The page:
10 Tips for Successful Scheduling

Daytimer for scheduling

Photo by Renáta-Adrienn on Unsplash

Successful scheduling of health care visits is important.

Scheduling visits for caregiving has always been challenging. However, Covid dealt a huge blow to the budget of most health care entities. Insurance companies are more demanding than ever for limited visits and detailed reports. Now, more than ever, therapy and home care agencies are emphasizing productivity and caseload. Scroll down for a free printable calendar:)

Along with scheduling, visit compliance in health care is challenging.

Compliance with attending scheduled visits can be challenging for some patients. Many people want to receive health care, but have difficulty overcoming fear, tiredness, stress, or pain in order to follow through with their plan of care. Being aware of what motivates our patients is important. Knowing their goals and what they want to achieve can help us keep the activities meaningful, which can improve their follow through. But we may also need to delve into what concerns they have that might cause them to cancel or limit their participation. Knowing their fears may help us moderate the activity, or allow us to answer questions and give them fear reducing feedback.

Preparation and organization in scheduling visits is imperative for successful health care professionals!

If you work in home care or senior care, you already know how important it is to be organized in regard to your visit schedule. I am not a naturally detailed person, so I have had to develop concrete habits that help to keep me on track. Here are some suggestions that I would recommend after making many of my own time wasting mistakes.

1. On your initial visits, discuss some concrete activities that they would like to see improve, and remind them of those goals regularly. Let them see, or write down, the result of a special test that applies to their goal. Help them keep track of their progress!

2. Ask about and address the concerns they have, and communicate with them what your time together will look like. Make sure they understand and agree with the plan. Some patients need to start off slowly and build up over time.

3. Ask about appointments and followups for each patient at your initial visit, and every first visit of the week that you see them. 

4. Start scheduling patients for the following week on your first visit of the week for them. Don’t wait until the end of the week, when their schedule may already be filled up with other appointments.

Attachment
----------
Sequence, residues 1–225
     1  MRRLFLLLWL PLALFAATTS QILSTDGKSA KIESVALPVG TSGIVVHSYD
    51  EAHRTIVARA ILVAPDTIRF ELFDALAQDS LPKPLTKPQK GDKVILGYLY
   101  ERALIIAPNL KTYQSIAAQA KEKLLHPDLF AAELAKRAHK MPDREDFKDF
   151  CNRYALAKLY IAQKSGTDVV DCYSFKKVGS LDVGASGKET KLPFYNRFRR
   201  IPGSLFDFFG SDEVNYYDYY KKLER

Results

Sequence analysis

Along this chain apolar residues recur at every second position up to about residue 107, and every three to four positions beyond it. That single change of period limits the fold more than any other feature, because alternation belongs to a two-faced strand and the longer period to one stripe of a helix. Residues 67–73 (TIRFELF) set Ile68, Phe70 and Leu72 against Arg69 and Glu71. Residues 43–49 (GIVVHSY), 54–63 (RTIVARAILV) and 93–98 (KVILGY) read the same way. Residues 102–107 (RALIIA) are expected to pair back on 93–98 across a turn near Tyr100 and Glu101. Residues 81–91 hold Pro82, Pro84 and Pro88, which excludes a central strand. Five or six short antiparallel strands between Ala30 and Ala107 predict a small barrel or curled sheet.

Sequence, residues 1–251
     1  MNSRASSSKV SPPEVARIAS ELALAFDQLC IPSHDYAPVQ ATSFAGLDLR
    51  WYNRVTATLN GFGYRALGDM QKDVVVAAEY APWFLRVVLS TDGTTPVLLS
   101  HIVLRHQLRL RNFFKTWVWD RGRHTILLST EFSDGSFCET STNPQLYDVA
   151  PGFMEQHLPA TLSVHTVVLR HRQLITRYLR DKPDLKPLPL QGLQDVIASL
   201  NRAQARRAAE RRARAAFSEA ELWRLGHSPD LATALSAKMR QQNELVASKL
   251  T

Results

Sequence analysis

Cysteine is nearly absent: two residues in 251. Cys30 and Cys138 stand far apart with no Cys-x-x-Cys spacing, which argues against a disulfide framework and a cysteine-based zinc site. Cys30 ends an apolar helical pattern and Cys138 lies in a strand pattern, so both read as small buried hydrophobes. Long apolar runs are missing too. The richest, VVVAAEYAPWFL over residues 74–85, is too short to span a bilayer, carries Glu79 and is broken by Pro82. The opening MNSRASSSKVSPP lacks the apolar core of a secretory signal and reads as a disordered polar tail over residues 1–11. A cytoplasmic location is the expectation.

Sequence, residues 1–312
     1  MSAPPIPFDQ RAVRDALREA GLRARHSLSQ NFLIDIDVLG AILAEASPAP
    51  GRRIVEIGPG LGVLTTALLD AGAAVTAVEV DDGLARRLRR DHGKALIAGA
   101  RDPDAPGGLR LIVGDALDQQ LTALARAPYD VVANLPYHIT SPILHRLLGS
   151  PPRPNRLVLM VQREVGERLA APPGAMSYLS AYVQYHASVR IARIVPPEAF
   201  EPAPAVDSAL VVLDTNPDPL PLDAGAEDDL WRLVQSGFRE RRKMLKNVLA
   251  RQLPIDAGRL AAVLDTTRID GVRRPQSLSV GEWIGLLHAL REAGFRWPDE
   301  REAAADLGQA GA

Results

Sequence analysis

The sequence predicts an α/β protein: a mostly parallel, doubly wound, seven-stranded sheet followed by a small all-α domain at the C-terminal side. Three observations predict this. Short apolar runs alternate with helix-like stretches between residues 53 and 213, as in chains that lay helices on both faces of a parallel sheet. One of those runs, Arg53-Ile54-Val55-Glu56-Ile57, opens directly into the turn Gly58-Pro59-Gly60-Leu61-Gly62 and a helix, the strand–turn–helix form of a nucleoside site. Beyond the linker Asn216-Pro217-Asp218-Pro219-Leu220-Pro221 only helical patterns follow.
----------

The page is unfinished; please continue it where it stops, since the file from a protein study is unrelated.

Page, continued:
5. Schedule heavier in the early part of the week, so you have room for new patients or missed visits later in the week.  You may want to look at statistics to see which days are heavier with initial visits or evaluations to be ready for add-on visits. 

6. Schedule your patients with dialysis or physician appointments first, and then schedule your patients with more flexible schedules. 

7. For traveling therapists and nurses, be familiar with your area, zip codes, etc. (Print out a map of your area with zip codes!) Try to schedule people in the same area together when possible. This may help if you work in a large facility that involves a lot of walking as well.

8. Offer “morning” or “afternoon”, and then try to fit the visit into your schedule.  Many patients request a specific time, and I have found that I better maximize my time if I offer a vague option, and then follow up with a more specific time according to my schedule.  

9. In an outpatient setting it is great to call the day before to remind your patient. Likewise, in home care it is extremely helpful to call the day before an initial visit.  Communicate with coworkers as much as possible to facilitate their scheduling as well.  There is nothing worse than wasting 15 minutes trying to get a hold of a patient only to find out someone else knew they were gone or a number was wrong 🙁 If you make a habit of looking out for your coworkers, then they may do the same for you.

10. Use a system of marking the number of visit, or designation of visit on your calendar to stay organized: 2/6 visits, 30 day reassessment (30D), progress note (PN), ATN, or discharge visit. In home care I give the client a calendar with planned visits written clearly. If you post outside appointments on there you can remember to avoid those days. Review the calendar at the end of every visit.

As an Amazon Associate I earn from qualifying purchases- your purchase can help support this blog:)

Use a notebook created for senior caregivers: (affiliate link)

Clinicians: Invest in a quality education platform that will allow you to explore a variety of areas and classes that you are interested in for one low cost:

Click this link, and use the code CREATIVEHOMETHERAPY for a great discount (the lowest discount offered) on a quality continued education platform: MEDBRIDGE

Just to say THANK YOU FOR YOUR SUPPORT- if you use the CREATIVEHOMETHERAPY code for a MEDBRIDGE discount- email me to let me know, and I will send you a free packet of 10 downloadable printable handouts for patient care!

Here are a few other posts you might like:




If you are new to home health or senior care, here is a link to an ebook for helpful tips and information!

Copy and print this cute calendar for patient care!

I would love to hear from you! What tips do you have for improved scheduling and compliance? Subscribe to the blog for a FREEBIE printable health organization starter pack, and occasional emails!

Success! You're on the list.

6 thoughts on “10 Tips for Successful Scheduling

Leave a Reply

%d bloggers like this: